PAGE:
In the late 1960s, the Denver & Rio Grande Western wanted to abandon the narrow gauge San Juan Extension between Antonito, CO, and Durango, CO. While the Silverton Branch still had a decent tourist business, the rest of the narrow gauge route had little to no traffic. The combined efforts of a group of citizens and the states of Colorado and New Mexico lead to the purchase of 64 miles between the end of standard gauge at Antonito, CO, and the station of Chama, NM. This was considered the most scenic section of the line (other than the Silverton Branch), as it passed through the Toltec Gorge and over Cumbres Pass. Thus was born the Cumbres & Toltec Scenic Railway.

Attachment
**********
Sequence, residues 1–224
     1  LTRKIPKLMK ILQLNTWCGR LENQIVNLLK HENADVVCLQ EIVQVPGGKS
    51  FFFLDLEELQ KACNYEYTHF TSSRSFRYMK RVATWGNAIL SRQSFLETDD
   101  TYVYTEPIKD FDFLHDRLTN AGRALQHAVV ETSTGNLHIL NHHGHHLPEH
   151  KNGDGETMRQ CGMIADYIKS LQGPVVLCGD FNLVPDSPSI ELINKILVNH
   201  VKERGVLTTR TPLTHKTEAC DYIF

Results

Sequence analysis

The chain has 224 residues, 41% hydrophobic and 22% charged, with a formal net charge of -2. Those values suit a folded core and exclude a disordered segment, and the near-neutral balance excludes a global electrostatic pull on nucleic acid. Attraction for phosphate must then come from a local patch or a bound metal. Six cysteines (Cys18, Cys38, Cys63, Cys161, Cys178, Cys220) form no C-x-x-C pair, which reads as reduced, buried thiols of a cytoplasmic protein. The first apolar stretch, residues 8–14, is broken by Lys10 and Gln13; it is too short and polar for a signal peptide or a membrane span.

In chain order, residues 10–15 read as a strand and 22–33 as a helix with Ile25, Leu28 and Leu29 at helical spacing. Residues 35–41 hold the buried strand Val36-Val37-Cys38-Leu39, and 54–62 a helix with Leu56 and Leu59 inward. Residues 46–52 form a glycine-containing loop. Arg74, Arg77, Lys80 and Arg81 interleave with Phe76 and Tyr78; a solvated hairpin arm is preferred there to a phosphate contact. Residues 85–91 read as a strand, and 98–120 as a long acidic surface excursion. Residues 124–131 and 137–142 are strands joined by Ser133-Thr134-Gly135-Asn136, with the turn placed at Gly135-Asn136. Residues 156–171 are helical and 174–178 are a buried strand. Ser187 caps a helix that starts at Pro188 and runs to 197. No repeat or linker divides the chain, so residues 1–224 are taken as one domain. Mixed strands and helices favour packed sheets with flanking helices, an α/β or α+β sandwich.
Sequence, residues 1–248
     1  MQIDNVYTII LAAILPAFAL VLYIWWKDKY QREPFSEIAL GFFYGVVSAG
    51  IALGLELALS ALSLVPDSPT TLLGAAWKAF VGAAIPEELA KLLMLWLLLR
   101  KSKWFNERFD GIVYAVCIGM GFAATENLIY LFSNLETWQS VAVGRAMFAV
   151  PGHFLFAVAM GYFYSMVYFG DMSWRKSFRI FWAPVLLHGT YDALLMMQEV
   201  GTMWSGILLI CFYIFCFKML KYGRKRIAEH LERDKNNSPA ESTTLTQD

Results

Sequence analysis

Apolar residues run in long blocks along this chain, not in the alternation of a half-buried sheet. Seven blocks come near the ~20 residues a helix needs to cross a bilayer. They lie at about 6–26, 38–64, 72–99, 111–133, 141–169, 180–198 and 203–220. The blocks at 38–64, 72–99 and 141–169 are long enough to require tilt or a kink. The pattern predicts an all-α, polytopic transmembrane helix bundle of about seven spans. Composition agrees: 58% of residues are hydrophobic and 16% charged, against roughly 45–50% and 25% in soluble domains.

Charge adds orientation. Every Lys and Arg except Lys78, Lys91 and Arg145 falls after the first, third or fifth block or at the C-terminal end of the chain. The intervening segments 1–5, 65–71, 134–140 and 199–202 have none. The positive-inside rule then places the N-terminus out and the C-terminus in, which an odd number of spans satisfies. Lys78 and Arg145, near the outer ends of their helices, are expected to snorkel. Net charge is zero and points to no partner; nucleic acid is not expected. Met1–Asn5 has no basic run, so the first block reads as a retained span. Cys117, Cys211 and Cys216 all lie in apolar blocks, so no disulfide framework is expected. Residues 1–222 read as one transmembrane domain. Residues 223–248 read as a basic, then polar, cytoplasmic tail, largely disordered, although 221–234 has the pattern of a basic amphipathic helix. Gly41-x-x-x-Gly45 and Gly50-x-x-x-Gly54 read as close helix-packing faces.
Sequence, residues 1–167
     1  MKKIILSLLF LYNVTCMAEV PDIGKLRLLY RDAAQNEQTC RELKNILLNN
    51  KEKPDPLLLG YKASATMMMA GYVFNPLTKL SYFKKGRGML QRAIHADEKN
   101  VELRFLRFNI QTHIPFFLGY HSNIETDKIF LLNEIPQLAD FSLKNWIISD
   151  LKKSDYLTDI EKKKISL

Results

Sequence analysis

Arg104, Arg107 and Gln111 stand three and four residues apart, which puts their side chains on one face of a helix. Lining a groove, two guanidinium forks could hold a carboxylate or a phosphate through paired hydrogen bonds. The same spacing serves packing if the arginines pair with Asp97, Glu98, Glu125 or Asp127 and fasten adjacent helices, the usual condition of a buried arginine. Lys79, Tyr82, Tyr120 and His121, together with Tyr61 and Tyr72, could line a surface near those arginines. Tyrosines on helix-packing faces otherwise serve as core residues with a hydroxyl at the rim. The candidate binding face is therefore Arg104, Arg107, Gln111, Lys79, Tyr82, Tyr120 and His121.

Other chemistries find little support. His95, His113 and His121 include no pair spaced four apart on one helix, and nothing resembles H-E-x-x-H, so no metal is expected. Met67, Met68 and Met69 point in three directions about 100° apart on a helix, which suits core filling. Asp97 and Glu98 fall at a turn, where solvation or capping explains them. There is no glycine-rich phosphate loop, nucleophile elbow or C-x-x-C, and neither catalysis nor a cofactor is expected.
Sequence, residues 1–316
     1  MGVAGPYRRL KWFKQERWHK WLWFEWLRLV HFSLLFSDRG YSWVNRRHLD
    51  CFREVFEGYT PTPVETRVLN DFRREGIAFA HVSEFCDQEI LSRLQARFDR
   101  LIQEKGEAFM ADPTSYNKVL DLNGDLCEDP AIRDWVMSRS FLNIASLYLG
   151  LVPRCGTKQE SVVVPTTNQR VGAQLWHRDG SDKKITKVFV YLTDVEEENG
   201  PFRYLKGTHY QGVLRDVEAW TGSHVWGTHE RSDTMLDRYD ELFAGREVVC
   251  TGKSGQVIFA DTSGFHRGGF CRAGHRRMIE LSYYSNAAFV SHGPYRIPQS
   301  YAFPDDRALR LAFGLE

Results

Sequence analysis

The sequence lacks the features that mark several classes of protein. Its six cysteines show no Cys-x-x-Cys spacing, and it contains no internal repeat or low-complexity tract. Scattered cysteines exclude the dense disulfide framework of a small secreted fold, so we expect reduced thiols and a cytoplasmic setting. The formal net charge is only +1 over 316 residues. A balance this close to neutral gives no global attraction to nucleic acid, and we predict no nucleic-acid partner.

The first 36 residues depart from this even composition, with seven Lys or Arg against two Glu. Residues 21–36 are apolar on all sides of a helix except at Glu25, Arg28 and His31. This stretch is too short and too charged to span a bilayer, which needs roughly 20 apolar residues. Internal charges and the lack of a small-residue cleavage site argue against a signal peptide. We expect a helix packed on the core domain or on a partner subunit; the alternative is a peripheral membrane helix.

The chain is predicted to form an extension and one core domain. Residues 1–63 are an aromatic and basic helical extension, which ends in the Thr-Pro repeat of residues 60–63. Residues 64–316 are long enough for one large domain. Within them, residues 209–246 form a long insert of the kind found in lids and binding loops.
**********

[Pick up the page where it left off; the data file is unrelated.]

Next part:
Since 1974, the railroad has managed by the Cumbres & Toltec Scenic Railroad Commission, an interstate agency to which both Colorado and New Mexico contribute two board members. Day to day operations contracted out to an operator - currently, this is the Rio Grande Railway Preservation Corporation. In addition to both of these entities, there is a third critical piece - the Friends of the Cumbres & Toltec Scenic(FOTCS). This is a non-profit group of volunteers whose mission is (from their website) "preserving all of the railroad’s historic assets that are not used in the regular tourist train operation, and interpreting the railroad to the public."
See a route map and guide to riding and railfanning the C&TS.
The C&TS converted to an NXDN-based digital radio system in May 2014. Analog scanners will no longer work for railfanning the C&TS.